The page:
8. Topical subject - However it is not the chain of Command that let the lads down it is the government:

    Government (on hearing an accusation ie abuse) tell the MoD which line to toe
    MoD then tell CDS and CGS which line to toe
    CDS/CGS then tell the RMP/SIB which line to toe
    RMP/SIB then toe the line....... Now the snag!!!

    The Army Prosecuting Authority (APA) are not in the chain of command!!!!!!!!!!!!!!!!!!

    It the APA do not toe the line (as in the case of Col Mendonca)

    Then the Attorney General steps in and ensures that the line is toe-d.

    No chance for the chain of command to do anything but watch!!!!

    Never mind......................
  9. Finished, can I have a cup of tea now please niurse ?. As with all surveys they can have a degree of predictive context to them statistics dam lies etc. Dont look to closely at the cops initial promotion runs on memeory recall followed by translation of job speak for some higher levels. Also the legal support offered comes from the federation a non employer organisation. Police solicitors are normally the one who fail to get in the CPS,. enough said.
  10. Napier,

    Good grief you would think you were submitting a research document for a Phd. I didn't realise we had so many Professors in the ranks.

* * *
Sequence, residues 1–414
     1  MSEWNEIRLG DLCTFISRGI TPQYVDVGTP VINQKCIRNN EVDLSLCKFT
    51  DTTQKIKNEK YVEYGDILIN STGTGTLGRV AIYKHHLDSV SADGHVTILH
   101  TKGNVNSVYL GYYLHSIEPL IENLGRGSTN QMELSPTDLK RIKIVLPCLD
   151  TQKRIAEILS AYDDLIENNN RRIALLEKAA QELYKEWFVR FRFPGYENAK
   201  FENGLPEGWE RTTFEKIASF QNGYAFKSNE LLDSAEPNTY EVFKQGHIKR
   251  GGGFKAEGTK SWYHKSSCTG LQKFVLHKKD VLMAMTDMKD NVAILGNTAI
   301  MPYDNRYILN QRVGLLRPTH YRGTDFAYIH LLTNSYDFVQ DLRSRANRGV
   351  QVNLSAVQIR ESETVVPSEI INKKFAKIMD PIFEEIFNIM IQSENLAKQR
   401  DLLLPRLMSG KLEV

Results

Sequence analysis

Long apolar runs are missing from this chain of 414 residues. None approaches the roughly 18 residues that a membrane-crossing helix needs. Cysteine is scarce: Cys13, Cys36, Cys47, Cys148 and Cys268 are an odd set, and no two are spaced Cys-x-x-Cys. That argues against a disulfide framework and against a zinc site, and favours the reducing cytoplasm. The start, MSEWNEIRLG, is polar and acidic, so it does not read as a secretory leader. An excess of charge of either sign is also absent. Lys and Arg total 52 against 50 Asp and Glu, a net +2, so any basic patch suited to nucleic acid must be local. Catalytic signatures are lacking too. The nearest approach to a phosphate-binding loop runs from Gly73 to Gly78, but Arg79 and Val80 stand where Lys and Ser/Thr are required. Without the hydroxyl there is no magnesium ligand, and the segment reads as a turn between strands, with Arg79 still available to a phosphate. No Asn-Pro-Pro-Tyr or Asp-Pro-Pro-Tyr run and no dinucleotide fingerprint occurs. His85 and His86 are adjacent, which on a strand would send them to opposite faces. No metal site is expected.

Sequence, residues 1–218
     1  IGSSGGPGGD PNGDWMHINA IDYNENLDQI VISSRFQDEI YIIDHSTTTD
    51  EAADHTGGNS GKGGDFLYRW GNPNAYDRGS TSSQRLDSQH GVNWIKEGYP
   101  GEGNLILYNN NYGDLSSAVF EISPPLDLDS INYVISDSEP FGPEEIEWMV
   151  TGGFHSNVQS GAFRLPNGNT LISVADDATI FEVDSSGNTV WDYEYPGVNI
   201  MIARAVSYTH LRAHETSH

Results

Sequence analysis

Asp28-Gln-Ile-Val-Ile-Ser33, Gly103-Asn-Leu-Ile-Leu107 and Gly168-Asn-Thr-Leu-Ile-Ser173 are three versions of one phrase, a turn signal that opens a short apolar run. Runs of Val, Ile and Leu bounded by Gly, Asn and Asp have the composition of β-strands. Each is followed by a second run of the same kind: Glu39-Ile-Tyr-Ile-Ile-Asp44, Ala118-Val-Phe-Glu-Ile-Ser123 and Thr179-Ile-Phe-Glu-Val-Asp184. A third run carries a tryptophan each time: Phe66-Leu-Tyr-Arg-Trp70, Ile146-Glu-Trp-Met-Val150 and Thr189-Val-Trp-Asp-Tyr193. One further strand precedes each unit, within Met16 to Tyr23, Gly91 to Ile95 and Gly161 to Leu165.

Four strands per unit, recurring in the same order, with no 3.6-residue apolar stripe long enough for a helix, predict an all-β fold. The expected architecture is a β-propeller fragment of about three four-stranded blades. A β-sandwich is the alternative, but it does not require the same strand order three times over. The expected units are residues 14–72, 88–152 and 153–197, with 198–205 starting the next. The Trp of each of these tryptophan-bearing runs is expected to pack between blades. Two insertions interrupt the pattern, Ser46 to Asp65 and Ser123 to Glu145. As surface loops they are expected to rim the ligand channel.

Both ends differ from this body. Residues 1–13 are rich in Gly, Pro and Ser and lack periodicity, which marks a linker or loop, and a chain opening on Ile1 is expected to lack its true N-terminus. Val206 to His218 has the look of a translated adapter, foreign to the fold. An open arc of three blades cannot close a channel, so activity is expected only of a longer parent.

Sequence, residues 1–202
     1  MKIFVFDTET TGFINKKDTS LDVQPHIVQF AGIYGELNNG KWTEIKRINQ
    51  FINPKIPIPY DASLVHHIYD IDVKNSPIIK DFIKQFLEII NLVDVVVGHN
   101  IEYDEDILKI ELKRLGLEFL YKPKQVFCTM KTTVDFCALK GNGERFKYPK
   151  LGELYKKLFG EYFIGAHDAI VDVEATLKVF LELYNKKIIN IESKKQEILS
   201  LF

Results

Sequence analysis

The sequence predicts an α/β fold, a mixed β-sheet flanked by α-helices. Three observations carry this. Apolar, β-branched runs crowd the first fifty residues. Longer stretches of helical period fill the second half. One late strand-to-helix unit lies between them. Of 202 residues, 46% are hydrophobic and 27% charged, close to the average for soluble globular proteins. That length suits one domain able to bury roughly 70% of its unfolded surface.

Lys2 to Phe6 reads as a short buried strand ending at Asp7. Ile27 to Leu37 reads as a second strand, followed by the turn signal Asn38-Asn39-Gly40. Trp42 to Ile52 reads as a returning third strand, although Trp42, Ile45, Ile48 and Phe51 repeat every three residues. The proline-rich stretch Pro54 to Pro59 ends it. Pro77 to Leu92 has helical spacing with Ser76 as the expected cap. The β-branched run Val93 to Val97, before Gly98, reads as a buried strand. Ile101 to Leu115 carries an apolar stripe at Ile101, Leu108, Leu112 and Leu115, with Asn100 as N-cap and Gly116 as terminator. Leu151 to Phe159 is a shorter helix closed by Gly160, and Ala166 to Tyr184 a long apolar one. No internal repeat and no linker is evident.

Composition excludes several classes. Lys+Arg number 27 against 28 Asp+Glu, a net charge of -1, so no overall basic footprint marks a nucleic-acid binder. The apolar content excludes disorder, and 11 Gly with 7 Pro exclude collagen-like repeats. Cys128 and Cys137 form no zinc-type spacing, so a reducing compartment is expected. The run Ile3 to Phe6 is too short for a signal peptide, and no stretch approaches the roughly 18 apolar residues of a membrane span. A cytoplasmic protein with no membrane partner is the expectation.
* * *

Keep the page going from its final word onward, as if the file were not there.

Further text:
I have answered the (obviously necessary) simple survey, but in addition, if you want my 10 pence worth -

    1. The rules of the game have changed beyond all recognition i.e political fallout / media scrutiny.
    2. Modern Operations rarely require "War fighting", just more dangerous 'police' actions.
    3. The standard of training required to field a motivated, media aware soldier who knows his legal obligations instinctively (and is able to switch instantly to combat soldier) is simply too high for todays recruit. I doubt if it was ever there. We've gone way beyond the "Belfast street-smart" that's done us proud these last forty years..

    Answer: More training for soldiers and NCO's (Brecon ?) in todays type of conflict. The falklands is about as relevant as Mons 1914 yet we are still re-living it every 3 months on Sennybridge. Of course we need to know that the troops are fit and able to kill, but more time and money needs to be spent. Unfortunately there could be more money (extra peace-keeping skills would warm the heart of any politician), but where's the time??
    It's no use relying on a conscientious well-educated Lt. who has had conflict resolution rammed down his throat since seeing his first Officer recruitment ad. It only takes a single ******** in a platoon to 'break the rules' or one scared boy to overreact, and how many ********* and young boys are in the average Platoon?

    Conclusion: The Army needs all those things that it can't get. Better recruits. More relevant training. More time.
    Or even better...
    Less global involvement and most importantly, the acceptance that we are no longer a superpower and responsible for policing the world.

    Bleedin' obvious... And me an ex-Cpl (and armchair general).


    P.S Say Hi to the family (That includes the dog).